Fort Collins and the Flu, Part III
The fall of 1918 was a fearful and exhausting time for the residents of Fort Collins. Worldwide, according to Laura Spinney in Pale Rider: The Spanish Flu of 1918 and how it Changed the World, most of the deaths caused by the “Spanish Flu” happened in just a thirteen-week period from September through December 1918. Government authorities most everywhere were overwhelmed, uninformed and unsure, crippled by nursing shortages, lack of hospital beds and local physicians overburdened with their own patients.
In Fort Collins, doctors were supposed to make daily reports of influenza cases and deaths to city officials so that people like the city physician, Dr. Gooding, and Mayor Fred Stover could make informed policies, but the city and county doctors were too busy tending to ill patients to make those reports (Fort Collins Express, October 23). Ruth Margrave, in an oral history recorded in 1974, recalled that her father, Dr. Wilkin, hired a driver for his car that fall as he “…didn’t drive at all during that flu epidemic. He just slept between calls, between patients.” Besides stress and exhaustion, doctors and nurses were risking exposure to the flu by caring for the sick and at least one Fort Collins doctor, Dr. D’Armond, died from contracting the flu. The Weekly Courier called Dr. D’Armond’s death a “sacrifice to the service of humanity.” (October 24).
There were, of course, other flu deaths in Fort Collins during the fall of 1918. Dr. Lory of the agricultural college, lost many members of his sister’s family, including his three-year-old twin nieces (The Weekly Courier, November 29). Influenza victims often included youths, and people moved to Fort Collins to start school, or parents and professionals in their late twenties and early thirties. The writers on staff at The Weekly Courier were clearly bothered by the death of Miss Marhon Sperry, an operator for the telephone company in town, as seen in their early November column about influenza deaths.
Even with all the illness, death, pain, sorrow, and exhaustion that the people of Fort Collins dealt with through the fall and early winter of 1918, the city was relatively lucky when it came to the numbers of those sick and deaths, although perhaps not known at the time. Current twenty-first century estimates for cases during the epidemic have worldwide an average of one in three people got sick with the flu, while somewhere between “2.5 and 5 percent of the global population” died from the illness. (Laura Spinney, p. 4). The numbers in Fort Collins show a much lower death rate.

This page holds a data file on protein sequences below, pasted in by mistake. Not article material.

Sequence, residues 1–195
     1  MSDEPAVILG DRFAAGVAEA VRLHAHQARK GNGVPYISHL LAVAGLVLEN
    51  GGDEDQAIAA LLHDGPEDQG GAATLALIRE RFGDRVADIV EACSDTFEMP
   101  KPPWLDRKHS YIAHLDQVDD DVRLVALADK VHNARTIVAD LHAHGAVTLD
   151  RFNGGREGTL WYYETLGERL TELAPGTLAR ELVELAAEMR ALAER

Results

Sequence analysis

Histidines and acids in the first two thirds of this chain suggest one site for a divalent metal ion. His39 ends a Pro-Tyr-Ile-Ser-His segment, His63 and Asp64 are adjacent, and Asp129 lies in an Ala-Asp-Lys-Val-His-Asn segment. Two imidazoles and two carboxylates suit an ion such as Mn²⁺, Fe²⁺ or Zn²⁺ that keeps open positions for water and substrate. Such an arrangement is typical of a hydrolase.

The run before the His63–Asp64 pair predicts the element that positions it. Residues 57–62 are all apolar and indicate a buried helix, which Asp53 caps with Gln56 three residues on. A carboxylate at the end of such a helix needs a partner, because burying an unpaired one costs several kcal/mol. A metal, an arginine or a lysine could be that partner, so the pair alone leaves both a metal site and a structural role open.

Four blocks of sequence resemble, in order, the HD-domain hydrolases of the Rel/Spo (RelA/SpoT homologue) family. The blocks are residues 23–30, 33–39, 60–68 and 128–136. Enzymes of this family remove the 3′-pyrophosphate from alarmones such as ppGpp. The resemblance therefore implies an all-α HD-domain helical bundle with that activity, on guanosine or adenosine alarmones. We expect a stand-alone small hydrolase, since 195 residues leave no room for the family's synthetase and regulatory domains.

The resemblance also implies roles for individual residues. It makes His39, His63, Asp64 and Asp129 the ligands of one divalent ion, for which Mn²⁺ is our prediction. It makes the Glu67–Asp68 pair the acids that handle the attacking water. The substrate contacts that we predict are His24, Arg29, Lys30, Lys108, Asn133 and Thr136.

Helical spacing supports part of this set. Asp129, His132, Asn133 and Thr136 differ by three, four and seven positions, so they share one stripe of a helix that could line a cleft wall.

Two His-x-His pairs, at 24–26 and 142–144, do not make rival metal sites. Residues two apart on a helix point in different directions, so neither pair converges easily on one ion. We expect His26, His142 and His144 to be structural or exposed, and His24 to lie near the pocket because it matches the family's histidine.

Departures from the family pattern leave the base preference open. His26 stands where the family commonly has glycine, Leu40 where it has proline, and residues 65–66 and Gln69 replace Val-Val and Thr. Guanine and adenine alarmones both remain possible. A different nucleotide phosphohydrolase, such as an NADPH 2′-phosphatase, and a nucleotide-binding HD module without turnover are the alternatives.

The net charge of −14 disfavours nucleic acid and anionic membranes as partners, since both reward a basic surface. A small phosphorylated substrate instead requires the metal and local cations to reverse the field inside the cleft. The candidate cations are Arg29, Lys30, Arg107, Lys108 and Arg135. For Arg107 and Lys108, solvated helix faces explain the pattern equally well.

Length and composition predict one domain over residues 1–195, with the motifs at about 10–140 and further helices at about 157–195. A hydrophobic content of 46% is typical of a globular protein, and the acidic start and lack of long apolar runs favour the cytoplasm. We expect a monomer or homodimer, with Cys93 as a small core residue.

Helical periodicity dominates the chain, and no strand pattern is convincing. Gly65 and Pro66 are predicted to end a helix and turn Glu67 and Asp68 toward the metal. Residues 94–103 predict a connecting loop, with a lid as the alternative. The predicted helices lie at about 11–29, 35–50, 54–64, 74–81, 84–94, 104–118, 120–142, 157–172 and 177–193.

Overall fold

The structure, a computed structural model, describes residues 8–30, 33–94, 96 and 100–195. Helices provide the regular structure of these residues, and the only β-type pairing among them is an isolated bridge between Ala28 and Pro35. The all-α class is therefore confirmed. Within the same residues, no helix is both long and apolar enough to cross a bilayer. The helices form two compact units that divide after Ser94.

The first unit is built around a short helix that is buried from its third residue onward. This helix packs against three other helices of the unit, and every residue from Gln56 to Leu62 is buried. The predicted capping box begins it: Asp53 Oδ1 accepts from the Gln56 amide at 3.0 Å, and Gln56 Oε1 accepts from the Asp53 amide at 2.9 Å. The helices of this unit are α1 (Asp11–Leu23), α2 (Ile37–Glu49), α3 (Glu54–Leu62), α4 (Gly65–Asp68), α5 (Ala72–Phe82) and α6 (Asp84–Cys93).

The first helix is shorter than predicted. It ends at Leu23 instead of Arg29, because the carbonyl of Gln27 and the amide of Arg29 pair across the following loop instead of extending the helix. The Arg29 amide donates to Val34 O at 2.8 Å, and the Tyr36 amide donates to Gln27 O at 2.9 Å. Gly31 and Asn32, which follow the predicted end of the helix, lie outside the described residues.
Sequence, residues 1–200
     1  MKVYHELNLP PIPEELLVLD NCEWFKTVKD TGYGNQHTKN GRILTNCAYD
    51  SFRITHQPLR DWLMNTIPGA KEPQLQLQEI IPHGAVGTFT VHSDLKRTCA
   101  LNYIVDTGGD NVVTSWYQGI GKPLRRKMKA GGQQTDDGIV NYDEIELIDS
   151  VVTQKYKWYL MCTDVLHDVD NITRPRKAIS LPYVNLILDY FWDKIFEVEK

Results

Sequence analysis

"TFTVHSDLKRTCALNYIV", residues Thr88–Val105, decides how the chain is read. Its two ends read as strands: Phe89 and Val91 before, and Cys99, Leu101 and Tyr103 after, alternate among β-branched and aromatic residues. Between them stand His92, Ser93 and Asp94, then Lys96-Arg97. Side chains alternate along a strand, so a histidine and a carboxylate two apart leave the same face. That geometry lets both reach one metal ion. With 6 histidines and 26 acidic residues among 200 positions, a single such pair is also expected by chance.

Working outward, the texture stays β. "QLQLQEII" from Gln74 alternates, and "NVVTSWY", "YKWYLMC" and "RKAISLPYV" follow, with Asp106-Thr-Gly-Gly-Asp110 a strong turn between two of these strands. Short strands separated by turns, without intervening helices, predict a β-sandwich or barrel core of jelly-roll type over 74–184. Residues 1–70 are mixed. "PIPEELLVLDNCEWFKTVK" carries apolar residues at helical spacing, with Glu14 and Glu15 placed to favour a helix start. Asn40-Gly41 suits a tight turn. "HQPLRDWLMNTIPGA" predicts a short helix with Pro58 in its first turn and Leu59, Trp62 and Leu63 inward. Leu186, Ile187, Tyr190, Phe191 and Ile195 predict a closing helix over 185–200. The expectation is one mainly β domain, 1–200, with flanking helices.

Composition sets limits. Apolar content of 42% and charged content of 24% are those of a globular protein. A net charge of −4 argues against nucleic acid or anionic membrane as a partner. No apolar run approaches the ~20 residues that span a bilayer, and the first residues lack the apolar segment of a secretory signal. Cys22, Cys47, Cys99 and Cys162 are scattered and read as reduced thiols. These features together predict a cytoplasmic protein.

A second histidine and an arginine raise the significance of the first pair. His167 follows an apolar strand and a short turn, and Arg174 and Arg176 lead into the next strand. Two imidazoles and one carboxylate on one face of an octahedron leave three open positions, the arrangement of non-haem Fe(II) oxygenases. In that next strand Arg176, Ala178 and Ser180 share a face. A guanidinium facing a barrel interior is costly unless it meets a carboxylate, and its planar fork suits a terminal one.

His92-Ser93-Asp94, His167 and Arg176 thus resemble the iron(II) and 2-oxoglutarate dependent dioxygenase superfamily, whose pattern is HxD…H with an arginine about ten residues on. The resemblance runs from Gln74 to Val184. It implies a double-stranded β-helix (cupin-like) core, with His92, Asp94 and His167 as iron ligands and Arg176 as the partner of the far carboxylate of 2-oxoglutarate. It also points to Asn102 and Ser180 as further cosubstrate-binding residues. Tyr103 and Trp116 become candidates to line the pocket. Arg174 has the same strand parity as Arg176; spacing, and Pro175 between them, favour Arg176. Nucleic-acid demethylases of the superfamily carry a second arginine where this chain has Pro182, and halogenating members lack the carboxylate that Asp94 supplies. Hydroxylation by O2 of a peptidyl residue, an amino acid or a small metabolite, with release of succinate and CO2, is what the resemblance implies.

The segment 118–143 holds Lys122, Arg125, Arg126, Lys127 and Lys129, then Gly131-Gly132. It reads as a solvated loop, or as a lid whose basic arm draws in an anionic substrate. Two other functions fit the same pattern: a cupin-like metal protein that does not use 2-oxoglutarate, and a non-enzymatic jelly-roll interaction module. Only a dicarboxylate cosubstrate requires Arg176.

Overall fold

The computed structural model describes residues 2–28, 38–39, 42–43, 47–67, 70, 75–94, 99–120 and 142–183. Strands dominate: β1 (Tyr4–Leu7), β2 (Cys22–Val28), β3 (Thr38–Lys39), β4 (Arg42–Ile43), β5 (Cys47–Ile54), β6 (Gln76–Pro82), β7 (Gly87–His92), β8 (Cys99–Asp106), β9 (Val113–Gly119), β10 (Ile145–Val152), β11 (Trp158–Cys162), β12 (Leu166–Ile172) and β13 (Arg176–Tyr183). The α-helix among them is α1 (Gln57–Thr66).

In his Annual Report at the end of July 1919, Mayor Stover gave that the total number of cases from the influenza epidemic “slightly exceeded 1,500.” (Fort Collins Courier, July 29). Some 1,100 of those cases happened in October and November of 1918. With a population hovering around 8,500, the infection rate was closer to one in five, rather than one in three. Deaths were also less likely, as Mayor Stover did not bother to provide a number for those who died in his annual report, rather just expressing sorrow at the loss of life that had happened. (A Coloradoan article from April 16, 2020 estimated 150 deaths from the fall and winter.) A caveat- the numbers given for illness and deaths throughout the epidemic in Fort Collins do not often include cases that happened at the agricultural college.
Although Fort Collins did have lower infection and death rates throughout the epidemic than other places, the comfort we can see in numbers looking back over a hundred years likely did not exist for those living through the epidemic. Even if residents of Fort Collins understood at the time that their cases numbers were relatively low, numbers, in and of themselves, can do little to override personal experience. Of the oral histories we have in the Archives that mention the 1918 flu, one stands out especially. Interviewed in 1981, Grace Davis recalled that her mother had sent her to check on some neighbors. Grace found the husband so sick that he was unaware that his wife had died in bed next to him. “It was terrible. It was really bad. The 1918 flu.” Grace told the interviewer.